Common App craze

2021-2022 college application cycle saw unexpectedly competitive trends

With seniors wrapping up their year and preparing to head off to college in the next few months, many are reluctant to reflect on the often-painstaking process that led them there. The 2021-2022 college application cycle marked one of the most cutthroat admissions years to date.

Hope Stimac, college counselor and advisor, weighed in on the competitive nature of Jones students and the pressure that comes with applying to college.

“Some students, at a high-achieving and high-pressure school like Jones, feel pressured towards name recognition. Sometimes I think that comes from students themselves. Sometimes I think that comes from parents and guardians. Sometimes I think that just comes from society as a whole,” said Stimac. “Yes, selectivity is important, but what are the other pieces that go into your application? Or what are the other pieces that you’re looking for in a college where you will probably be for four years? I definitely think that’s a piece of it.”

Elizabeth Abrams ‘22 applied to a variety of colleges this year, experiencing the full weight of this year’s process.


“It was at first pretty stressful; the essays were pretty daunting, I got a college essay tutor and all she did was validate that they were fine – just needed a few edits,” said Abrams. “Otherwise, it actually went pretty smoothly. I applied to a bunch of schools that ended up not being the right fit for me and, actually, the school that I’m going to, Muhlenberg College, was my safety.”

During her application process, Abrams planned ahead accordingly based on this year’s competitiveness.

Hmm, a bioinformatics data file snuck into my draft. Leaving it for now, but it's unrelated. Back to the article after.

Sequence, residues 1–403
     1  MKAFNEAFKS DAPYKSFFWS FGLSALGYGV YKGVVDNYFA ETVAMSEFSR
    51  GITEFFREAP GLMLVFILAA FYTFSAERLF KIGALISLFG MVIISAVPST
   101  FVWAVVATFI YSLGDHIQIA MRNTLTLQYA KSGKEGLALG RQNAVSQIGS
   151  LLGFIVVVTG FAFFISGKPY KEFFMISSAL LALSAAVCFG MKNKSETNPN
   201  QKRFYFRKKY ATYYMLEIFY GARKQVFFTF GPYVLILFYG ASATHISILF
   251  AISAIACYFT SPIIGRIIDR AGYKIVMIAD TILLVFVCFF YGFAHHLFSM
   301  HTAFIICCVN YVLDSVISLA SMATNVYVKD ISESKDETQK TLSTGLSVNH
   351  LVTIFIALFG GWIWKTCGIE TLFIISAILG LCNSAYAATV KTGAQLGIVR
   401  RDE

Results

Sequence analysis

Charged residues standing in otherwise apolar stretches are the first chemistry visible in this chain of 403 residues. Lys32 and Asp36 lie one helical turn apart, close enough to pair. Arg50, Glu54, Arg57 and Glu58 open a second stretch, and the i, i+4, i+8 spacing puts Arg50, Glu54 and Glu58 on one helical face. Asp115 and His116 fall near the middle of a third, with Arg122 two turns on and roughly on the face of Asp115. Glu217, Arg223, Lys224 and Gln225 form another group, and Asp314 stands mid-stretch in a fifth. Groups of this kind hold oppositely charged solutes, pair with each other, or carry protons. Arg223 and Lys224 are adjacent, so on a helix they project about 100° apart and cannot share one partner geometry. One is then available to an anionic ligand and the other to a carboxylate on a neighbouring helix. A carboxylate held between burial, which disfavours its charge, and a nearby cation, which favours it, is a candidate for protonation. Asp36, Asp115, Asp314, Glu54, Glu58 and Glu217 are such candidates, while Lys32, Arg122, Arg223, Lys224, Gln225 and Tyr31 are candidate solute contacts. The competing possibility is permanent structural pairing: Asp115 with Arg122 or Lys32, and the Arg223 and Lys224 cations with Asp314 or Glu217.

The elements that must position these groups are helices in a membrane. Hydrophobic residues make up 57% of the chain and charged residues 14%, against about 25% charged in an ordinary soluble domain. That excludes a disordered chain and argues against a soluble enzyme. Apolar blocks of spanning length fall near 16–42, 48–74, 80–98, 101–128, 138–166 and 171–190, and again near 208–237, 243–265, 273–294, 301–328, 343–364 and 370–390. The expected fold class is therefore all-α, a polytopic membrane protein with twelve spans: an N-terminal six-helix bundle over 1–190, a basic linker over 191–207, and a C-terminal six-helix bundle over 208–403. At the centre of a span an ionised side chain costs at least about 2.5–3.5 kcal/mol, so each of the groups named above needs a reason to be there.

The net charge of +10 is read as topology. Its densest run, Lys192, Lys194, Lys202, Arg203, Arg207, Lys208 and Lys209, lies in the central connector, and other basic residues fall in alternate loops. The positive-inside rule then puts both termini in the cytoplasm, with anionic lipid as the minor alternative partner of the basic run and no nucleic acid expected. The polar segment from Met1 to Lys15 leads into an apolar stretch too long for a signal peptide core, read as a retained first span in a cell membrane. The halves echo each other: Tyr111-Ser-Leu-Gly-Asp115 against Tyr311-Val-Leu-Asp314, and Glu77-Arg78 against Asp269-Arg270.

“I applied to 12 colleges because I knew that it would be a strange year. I knew it would be difficult to get into places where ordinarily I would get in, no problem. What was initially my number-one school waitlisted me and I really thought that they were a given, that it would just be a matter of the money to see where I went,” said Abrams. “I think it was definitely more competitive – a lot of people were getting rejected from schools they thought they would get into and getting into schools they didn’t think they would. It’s a whole new game.”

Charles Cammack, Associate Director of Undergraduate Admission at the University of Miami, reflected on the university’s huge influx in applications this admissions cycle. 

“We’ve seen our applications increase from 43,000 last year to just under 50,000 this year, so naturally our admit rate will decrease,” said Cammack. “The University of Miami has been test-optional for the past two cycles and we will be for next year as well, which we believe opens up the opportunity for many more students to consider us as a viable option.”

With more and more schools going test-optional in the 

wake of COVID-19 and related complications, many think this policy could be here to stay.

“I think that we are living in a unique time in the college admission process, primarily because so many institutions have moved to being test optional or in some cases test-free,” said Cammack. “This has eased a significant burden from the college admission process both mentally and financially.”

Cammack offered advice for incoming freshmen and high school seniors applying to colleges in the fall.

“[They should] start the process early. We are doing sessions for sophomores and juniors right now, so you can have the information to begin putting together your college lists and application plans,” said Cammack. “Also, [they should] be open to a variety of different schools. You never know what could be the best fit.”